2 of 2 people found the following review helpful
Boys Will Be Boys June 26 2010
By Nicola Mansfield - Published on Amazon.com
Format: Paperback
Reason for Reading: My son read aloud to me for his reader.

Russell and Lillian Hoban are a husband/wife team most popularly known for their series of books about Frances the bear. According to the bio on the back jacket flap of my copy this is their 9th book together at this point in time. This book is currently out of print and will stay that way as its way of illustrating its message is not what would be called acceptable by the majority of the masses today.

Tom comes home with a bloody nose that his friend, Kenny, has given him and his father explains that every problem has "two handles", two ways of looking at and fixing it: a bright side and a dark side. Tom takes his advice and comes home again the next day with a bloody nose. He keeps getting advice from his father both on why he loses the fights, tips on how to fight better and sage advice on fixing the problem without fighting. When Tom tries to explain things to Kenny it just never works out the way his father made it sound. For example, the time Tom is upset about always losing his father says "You win some, you loose some." Tom tells Kenny he doesn't want to fight anymore, everything's ok, you win some, you loose some. Then the friend turns around and says hey what do you mean I loose some? I always win! and Tom comes home with another bloody nose. (My son found this hysterical.) In the end, Tom and Kenny stop being best friends, Tom takes up practicing with a punching bag in the back yard and gains confidence in his fighting skills though he knows he'll never be as good as Kenny. Then he goes over to ask Kenny to be best friends again, who agrees saying Tom was the one who always started the fights anyway. Well, they end up having another fight but this time Tom wins and he sits on Kenny and finally explains the "two handles" way of looking at things when you're the one who lost. Kenny finally understands and all's well that ends well.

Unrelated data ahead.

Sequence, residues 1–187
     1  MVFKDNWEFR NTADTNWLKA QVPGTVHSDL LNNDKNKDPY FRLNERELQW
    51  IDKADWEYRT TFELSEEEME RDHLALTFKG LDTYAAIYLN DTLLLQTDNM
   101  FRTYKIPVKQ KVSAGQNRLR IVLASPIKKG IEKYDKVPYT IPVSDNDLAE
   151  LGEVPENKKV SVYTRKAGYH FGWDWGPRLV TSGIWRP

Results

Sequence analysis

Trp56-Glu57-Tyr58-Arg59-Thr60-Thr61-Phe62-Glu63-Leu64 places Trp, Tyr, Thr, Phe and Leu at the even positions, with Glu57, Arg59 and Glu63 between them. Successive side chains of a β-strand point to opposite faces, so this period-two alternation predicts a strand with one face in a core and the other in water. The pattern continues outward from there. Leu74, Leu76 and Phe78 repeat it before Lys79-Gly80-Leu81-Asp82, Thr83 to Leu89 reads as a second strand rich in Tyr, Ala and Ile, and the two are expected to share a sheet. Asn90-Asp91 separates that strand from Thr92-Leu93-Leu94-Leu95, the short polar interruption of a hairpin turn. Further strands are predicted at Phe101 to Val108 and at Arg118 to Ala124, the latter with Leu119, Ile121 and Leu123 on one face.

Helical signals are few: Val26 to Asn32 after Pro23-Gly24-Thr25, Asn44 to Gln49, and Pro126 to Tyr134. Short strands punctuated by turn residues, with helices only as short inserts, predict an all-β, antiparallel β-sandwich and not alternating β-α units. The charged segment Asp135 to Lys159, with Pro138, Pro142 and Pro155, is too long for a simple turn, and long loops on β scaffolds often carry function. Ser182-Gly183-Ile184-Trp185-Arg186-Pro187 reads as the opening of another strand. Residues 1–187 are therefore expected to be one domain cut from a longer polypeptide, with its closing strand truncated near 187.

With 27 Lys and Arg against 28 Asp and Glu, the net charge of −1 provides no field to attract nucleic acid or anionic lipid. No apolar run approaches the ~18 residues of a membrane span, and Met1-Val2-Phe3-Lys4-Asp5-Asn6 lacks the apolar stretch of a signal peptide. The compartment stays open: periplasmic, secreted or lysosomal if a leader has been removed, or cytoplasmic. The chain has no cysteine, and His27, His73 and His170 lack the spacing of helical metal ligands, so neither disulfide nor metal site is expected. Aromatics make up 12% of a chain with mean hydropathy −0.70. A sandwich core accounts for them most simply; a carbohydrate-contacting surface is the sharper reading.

My son had a riot reading this book. To him it was pure comedy and plain silliness. I pretty much let it go at that, though I did try to see that he got the message of the "two handles" and we discussed fighting. He immediately saw the difference in this story that obviously took place in the olden days (the cars placed it in time) and today's reality by noting that when people fight today they use weapons like chains, knives and hard sticks (he's seen it on TV).

A fun book that certainly reads differently today than its original intentions in its day. But also an interesting look into the past when there was a different mindset and culture where something that has become such a problem today (schoolyard violence) could be a simple case of "boys being boys" having a few rounds of fisticuffs. My rating is based on a combination of our enjoyment of the book today and the book's relevance as a product of its time.
1 of 1 people found the following review helpful
Good book for young kids, grandkids and parents too Jan. 20 2013
By Russ Carnes - Published on Amazon.com
Format: Hardcover Verified Purchase
Russell and Lillian Hoban have been writing and illustrating family stories for a long time. We have many of their books and always find them to be attention getting with good family value messages for the little ones and reminders for the adults of these good family values. They are sturdy, well illustrated with colorful pages, hold up well with reasonable care, and are great for bedtime stories.

Look for similar items by category


Feedback